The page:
Not 100% sure where this question belongs, since I'm not sure if the problem is code related or not.

I've written a program to model the solar system. I am now testing its accuracy. I've checked conservation of angular momentum, and it is perfectly conserved, as is energy - I'm using the velocity verlet algorithm. I've also plotted the path of the planets, their orbits are stable over 1000 years and are definitely circular (I'm sticking to modelling circular orbits).

The problem is that the planets aren't where they started after one orbital period. They do get back to where they started, just not at the right time. I have no idea why. And it renders a lot of my checks useless. Why might this happen? The effect is significant, about 0.2*10^11m per year. And yet after 1000 years the orbit is still circular, with roughly the same radius.

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    $\begingroup$ What is your definition of orbital period? Mine is "the moment at which the planet gets back where it started", which would make the question moot. $\endgroup$ Jan 3 '16 at 16:07
  • $\begingroup$ @FedericoPoloni I assume the OP means that the orbital period in the simulation is not the same as the expected orbital period (computed analytically). Unfortunately I don't think there's enough information here to figure out what might be going wrong. $\endgroup$ Jan 3 '16 at 17:54
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    $\begingroup$ @DougLipinski Agree. Hard to tell without more details, but my first guess is that he is not properly taking into account the fact that the sun moves, too (reduced mass and that kind of things). $\endgroup$ Jan 3 '16 at 18:04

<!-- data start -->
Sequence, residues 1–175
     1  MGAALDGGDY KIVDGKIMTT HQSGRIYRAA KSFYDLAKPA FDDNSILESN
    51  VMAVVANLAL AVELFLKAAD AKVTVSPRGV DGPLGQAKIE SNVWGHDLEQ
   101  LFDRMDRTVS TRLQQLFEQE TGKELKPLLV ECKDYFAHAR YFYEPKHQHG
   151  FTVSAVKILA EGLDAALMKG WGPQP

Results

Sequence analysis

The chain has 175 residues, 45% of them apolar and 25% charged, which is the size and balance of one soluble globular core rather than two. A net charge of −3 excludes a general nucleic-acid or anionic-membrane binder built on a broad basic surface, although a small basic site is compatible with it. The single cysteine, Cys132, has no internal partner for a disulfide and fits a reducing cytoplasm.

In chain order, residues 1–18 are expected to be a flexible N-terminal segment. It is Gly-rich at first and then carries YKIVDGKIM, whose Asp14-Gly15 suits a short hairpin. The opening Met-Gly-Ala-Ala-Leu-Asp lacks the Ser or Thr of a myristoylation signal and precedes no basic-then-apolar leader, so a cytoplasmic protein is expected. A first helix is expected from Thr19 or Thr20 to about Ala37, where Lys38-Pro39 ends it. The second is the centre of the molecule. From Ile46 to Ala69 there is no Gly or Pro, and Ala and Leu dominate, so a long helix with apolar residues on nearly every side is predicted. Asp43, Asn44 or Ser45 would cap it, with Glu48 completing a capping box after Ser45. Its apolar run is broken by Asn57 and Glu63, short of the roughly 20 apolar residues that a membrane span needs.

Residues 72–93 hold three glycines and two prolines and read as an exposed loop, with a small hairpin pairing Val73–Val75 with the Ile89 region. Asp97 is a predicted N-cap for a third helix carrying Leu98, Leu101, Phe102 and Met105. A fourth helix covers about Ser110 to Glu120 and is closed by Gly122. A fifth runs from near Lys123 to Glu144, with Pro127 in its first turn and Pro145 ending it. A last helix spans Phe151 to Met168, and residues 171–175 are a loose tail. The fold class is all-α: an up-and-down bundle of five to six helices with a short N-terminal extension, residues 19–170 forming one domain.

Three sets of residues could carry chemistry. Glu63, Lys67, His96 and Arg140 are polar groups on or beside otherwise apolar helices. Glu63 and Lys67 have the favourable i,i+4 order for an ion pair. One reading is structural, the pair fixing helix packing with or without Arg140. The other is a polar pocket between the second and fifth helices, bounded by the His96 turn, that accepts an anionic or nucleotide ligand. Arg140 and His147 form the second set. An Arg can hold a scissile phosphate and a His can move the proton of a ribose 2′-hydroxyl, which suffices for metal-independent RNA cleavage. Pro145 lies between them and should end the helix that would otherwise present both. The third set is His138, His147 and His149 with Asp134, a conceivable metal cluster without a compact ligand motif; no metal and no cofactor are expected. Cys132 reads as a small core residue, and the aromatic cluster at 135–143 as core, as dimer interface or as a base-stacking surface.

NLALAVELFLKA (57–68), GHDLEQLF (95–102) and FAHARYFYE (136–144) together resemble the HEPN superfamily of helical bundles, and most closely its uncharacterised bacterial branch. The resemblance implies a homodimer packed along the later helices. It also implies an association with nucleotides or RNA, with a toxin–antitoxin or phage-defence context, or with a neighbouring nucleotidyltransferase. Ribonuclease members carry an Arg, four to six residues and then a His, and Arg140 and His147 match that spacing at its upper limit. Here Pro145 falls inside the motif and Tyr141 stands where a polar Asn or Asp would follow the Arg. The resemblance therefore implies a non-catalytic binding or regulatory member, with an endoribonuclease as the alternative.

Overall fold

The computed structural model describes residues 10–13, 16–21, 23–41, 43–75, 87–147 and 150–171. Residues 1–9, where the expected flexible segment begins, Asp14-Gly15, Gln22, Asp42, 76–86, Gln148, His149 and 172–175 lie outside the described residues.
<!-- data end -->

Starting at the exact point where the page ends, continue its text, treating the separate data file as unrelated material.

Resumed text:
• $\begingroup$ @FedericoPoloni My planets move about their common centre of mass. They are modelled as point masses. It is very basic. The problem I'm having is that I used the known orbital periods to calculate what the velocities of the planets should be, using v = 2*pi*r/T, however this velocity doesn't actually result in planets completing a full orbit after one orbital period. $\endgroup$
    – user13948
    Jan 4 '16 at 15:05
  • $\begingroup$ @DougLipinski My simulation is incredibly basic. Circular orbits, point mass planets, only force acting is gravity. And the problem is exactly as you said, my orbital periods don't match the expected ones. I could post the code, but not sure how helpful that would be - specifically which info would be helpful? $\endgroup$
    – user13948
    Jan 4 '16 at 15:07

This is expected behavior with the Verlet algorithm. It is a symplectic integrator, which means that it will preserve quadratic invariants to within roundoff error -- thus the form planetary orbits is maintained quite accurately (I assume you mean to say that the orbits are elliptical, not circular). However, the method is still a numerical approximation and does introduce error. The errors introduced affect only the phase of each orbit. This means that the planets will move in the correct orbits, but not at the correct speeds. In order to reduce the phase errors, you can take smaller time steps -- but there is eventually a limit to this, since it will increase the amount of rounding error in the solution.

To learn more about these issues, I recommend the book Geometric numerical integration.

Studying the long-term stability of the solar system (over millions to billions of years) is a subtle and active research area that makes use of much more accurate numerical methods and even multiple-precision arithmetic.


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